James Joseph is UK Senior Correspondent for JURIST.
Over the last 18 months Emma Lilley and I have been campaigning for The Law Society to diversify their admissions ceremonies and hold them regionally, allowing more people to attend their special day of being admitted to the role of solicitor, which in layman’s terms is their graduation and receipt of authority to practice by the Solicitors Regulation Authority.
Historically, and up until now, The Law Society’s ceremonies have only been held at their headquarters at 113 Chancery Lane in London or online (although the latter was temporary, due to the pandemic). However, since Covid there has been a move to make online processes and access permanent, as we have seen across all sectors and in all countries around the world. There has to be a realisation that old habits need to change. This is no less true for solicitors as it is for others.
Emma Lilley started her mission to change the legal sector across the UK back in 2020. Since then Emma has amassed a huge following on her Instagram account under the name ‘In-House Potter‘ (named this as Emma works in-house as a company lawyer, and Potter due to the city she is proud to come from). Emma’s success was largely due to her passion and drive to increase access and the capacity of new solicitors to attend their ceremonies. Emma could not attend her own ceremony in 2017 for various reasons relating to travel. Meanwhile I’ve been a champion of accessibility to the legal profession, co-founding an organization – Bringing [Dis] Ability to the Bar – campaigning for individuals with disabilities who intend on becoming barristers.
Right now, upon qualification, every solicitor is invited to an admissions ceremony by the Law Society of England and Wales. Despite most solicitors being based outside of London, the ceremony is only ever held in the UK’s capital city, London. Emma and I argue that everyone should have a chance to celebrate their achievements, in-person, wherever they are based, without having to go to large expense to do so. There are already enough barriers to entry, and with the legal sector (and most of society) having a London-centric perspective of the UK, a change represents the ability for those regionally to celebrate their achievements without the expense of traveling to London and with the backing of their professional body. Through “Mission Admissions”, Emma and I hope to increase accessibility within our profession by opening up more locations for the ceremony.
Emma is also not alone in wanting to make this work, and for regional ceremonies to become a reality in cities across the UK from Hull to Exeter, Manchester to Bristol, Exeter to Liverpool, or Brighton and Birmingham. The solicitor’s profession is already one of the hardest to get into, with the number of those getting Training Contracts after completing their qualifying degree known as the Legal Practice Course (LPC) make bleak reading as The Law Society’s annual statistics report makes clear.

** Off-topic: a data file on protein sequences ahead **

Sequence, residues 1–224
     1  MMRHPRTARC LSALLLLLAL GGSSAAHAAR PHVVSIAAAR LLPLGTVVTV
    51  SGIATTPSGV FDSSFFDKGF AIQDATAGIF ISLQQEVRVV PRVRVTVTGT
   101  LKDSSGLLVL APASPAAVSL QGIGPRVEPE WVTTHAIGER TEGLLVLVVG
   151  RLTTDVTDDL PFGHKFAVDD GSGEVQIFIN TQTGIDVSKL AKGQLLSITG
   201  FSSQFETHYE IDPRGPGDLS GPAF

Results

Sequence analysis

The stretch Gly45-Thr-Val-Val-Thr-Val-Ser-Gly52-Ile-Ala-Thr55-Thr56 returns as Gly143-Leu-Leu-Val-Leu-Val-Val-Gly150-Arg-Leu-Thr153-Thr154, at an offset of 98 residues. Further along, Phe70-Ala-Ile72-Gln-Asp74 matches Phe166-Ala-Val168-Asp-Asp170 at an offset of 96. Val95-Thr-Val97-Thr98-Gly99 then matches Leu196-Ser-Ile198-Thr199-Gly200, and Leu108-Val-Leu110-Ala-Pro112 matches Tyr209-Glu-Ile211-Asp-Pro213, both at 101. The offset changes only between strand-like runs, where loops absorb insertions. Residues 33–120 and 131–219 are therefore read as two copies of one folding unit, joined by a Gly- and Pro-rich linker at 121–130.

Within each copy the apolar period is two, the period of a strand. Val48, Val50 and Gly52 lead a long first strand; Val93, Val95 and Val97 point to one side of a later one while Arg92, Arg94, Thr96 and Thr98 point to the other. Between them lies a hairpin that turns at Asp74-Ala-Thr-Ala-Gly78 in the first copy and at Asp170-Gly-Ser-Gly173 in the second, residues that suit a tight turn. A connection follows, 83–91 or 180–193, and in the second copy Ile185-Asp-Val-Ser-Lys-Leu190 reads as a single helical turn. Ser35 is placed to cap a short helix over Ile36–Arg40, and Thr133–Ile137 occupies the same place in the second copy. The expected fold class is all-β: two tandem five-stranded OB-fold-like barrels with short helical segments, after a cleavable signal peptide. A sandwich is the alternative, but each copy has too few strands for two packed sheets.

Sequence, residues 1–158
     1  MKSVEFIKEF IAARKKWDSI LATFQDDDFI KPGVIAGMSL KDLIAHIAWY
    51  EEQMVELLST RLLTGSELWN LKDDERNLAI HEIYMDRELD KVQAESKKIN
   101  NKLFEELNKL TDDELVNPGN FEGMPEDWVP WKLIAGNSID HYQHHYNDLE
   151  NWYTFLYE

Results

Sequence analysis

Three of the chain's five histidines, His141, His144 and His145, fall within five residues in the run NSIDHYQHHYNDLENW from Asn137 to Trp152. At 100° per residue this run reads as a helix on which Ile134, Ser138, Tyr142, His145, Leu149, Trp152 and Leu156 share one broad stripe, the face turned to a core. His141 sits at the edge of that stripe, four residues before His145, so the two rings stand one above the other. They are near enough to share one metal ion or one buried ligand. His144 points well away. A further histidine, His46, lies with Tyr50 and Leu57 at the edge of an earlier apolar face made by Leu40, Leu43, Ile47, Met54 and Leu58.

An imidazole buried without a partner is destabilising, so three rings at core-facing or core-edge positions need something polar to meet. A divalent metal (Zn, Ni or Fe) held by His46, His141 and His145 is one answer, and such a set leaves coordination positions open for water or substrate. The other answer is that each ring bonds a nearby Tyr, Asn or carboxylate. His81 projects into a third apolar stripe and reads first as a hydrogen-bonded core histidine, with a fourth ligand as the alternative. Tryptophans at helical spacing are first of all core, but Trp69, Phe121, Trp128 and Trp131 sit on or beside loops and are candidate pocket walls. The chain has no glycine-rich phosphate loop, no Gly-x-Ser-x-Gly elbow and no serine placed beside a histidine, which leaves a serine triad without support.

The average number of students qualifying as solicitors with a law degree between 2011 and 2019 was 23,413. Of them, an average of 5,757 secured a training contract. That is roughly 25%, and so the odds are truly stacked against those qualifying already. With the formal ceremony only held in London this does not make for fair representation either, and marginalises those outside of the capital city; despite the fact that only 40% of lawyers in England and Wales work in London.
The Mission has so far been featured in The Times of London and Legal Cheek, a student newsletter on trends, legal news, and quirky legal stories. But for me and for Emma the journey does not stop with The Law Society taking on the Mission to make ceremonies in-person and local. At present The Law Society have agreed to hold one ‘trial’ ceremony in a non-London UK city in 2023, and see what the attendance is like in order to think about branding out to other venues. For now, we will continue to fight for multiple regional ceremonies across England and Wales in future. However, the willingness of The Law Society to trial regional admissions represents a huge step, the first such exercise to not be held in London for 100 years of solicitors’ practice, and in over 50 years of ‘admissions ceremonies.
Both Emma and I are delighted that The Law Society are actively working to engage with Mission Admissions and are open to localised admission ceremonies. As with everything we have seen since the pandemic, the professions must be open to change, and the legal sector is no different. Emma’s work shows the appetite for change is there and that there is overwhelming desire for regional ceremonies. We are excited to be able to work with The Law Society to make this happen, and who knows where we might go next. Gibraltar, the Falkland Islands or Bermuda anyone?